His individual statistics are also incredible, leading the league in a number of attacking figures.
He will be instrumental in how Aston Villa do next season in the Premier League and will surely be looking for a chance to shine on the international stage.
4) Tammy Abraham
Without stating the obvious, Tammy makes the list primarily for the number of goals scored.
The first player in 42 years since Andy Gray to score 25 league goals, is some feat. He went on to score the winning penalty against West Bromwich Albion to secure a place in the Playoff Final and carried Villa at times, including the hat trick in a 5-5 thriller with Nottingham Forest back in November.
Despite the goals, there have been a lot of missed chances too, but I would rather focus on the work the Chelsea loanee has put in off the ball in supporting the midfield and chasing down lost causes. A rare attribute in many strikers.
It appears that Abraham will return to Chelsea to fight for a first-team place and if that happens to be the case he will be wished all the best from Villa supporters after his exploits in helping to gain promotion.
5) Anwar El Ghazi
Perhaps some would say this is a slightly less obvious choice but I personally feel the Dutchman has been a superb loan signing.
In 28 appearances, the winger has scored 6 and assisted 6 and at times has an unpredictability about his play.
He’s the kind of player that can pull off a run or move that no other player on the pitch would see or even think of.
Eye-catching goals such as those at West Bromwich Albion away and Nottingham Forest at home show his ability to find the net from range, whilst his opener in the playoff final shows a willingness to support the front line and attack crosses.
It is also important to remember that he is only 24 years old and has played top flight football in the Netherlands and France for Ajax and Lille respectively.
There have been rumours that he will be allowed to leave Lille on a free due to their financial difficulties and if so, he is a steal for nothing.
STAR PIECES OF WORK
I’ve also tried to think of three huge moments that have been instrumental in our season and I tried to keep these to on the pitch as opposed to off it as the owners and management will be mentioned later.
Aston Villa went into this game on the back of a five-game winning run.
It also saw previous manager Steve Bruce take on Villa, with his new side still in with an outside shot at the playoffs themselves.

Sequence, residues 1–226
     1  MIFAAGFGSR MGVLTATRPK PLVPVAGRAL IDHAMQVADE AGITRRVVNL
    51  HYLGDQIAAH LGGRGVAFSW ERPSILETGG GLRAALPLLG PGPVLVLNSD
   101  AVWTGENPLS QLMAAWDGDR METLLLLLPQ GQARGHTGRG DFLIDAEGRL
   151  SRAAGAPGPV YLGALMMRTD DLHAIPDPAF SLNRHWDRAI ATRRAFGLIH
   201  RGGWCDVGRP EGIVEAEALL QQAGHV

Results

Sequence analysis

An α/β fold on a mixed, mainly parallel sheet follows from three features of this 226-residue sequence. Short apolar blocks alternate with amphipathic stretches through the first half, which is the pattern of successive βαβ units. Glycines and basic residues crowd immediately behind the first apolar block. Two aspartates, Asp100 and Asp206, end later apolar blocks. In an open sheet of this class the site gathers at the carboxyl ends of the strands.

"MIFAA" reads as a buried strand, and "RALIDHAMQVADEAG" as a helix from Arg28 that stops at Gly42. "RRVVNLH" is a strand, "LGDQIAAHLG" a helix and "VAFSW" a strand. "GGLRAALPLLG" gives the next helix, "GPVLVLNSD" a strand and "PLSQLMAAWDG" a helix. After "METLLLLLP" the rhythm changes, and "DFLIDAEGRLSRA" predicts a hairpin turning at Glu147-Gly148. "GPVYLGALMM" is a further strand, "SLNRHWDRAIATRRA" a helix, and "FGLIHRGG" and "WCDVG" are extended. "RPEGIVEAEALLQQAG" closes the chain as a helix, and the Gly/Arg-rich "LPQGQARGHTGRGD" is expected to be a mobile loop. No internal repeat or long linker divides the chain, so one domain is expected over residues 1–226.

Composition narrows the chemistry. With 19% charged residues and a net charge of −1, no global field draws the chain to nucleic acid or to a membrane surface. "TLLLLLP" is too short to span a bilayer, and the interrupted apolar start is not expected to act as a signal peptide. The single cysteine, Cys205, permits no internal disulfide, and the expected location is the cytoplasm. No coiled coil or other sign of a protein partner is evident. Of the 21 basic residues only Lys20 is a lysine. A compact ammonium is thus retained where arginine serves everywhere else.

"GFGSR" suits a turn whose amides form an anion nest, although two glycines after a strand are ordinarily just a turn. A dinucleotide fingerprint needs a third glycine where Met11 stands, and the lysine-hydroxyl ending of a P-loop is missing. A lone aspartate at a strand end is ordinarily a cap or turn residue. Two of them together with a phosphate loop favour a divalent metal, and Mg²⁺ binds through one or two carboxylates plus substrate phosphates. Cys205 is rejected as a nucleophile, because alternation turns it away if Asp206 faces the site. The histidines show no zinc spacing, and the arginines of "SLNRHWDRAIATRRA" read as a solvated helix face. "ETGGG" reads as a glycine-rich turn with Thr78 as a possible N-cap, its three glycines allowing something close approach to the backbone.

Despite Villa going behind early on to a Gary Hooper goal, the team rallied to win 3-1 with goals from John McGinn, Albert Adomah and Tammy Abraham.
The scenes in the away end signalled just how big a win it was but it was still only half of the story.
Jed Steer made a string of saves during the game, including a penalty save when the score was at 1-1.
It’s hard to predict what would have happened had that penalty been converted both in regards to the result on the day and the ending to the season.
Four days after the win away to Sheffield Wednesday came a midweek game at Rotherham.
In all honesty, it felt like a game that Villa would cruise through and this was perhaps due to the confidence built up from a continued winning streak.
Villa won a penalty early on which Tammy Abraham took and unusually the resulting strike was saved.
Then came a huge point in the game when Tyrone Mings was adjudged to have handballed in the box and having already been booked, was subsequently given his marching orders.
Rotherham dispatched the penalty and Villa looked like they were losing their heads.
An inspiring half time team talk seemed to have sorted out the ten men who came flying out of blocks to put on a fine second-half performance.
Another penalty was awarded and Jonathan Kodjia was given the opportunity to do what Tammy Abraham couldn’t previously.
The penalty was fired confidently into the top right corner and the game was more than on.
Then came one of the goals of the year.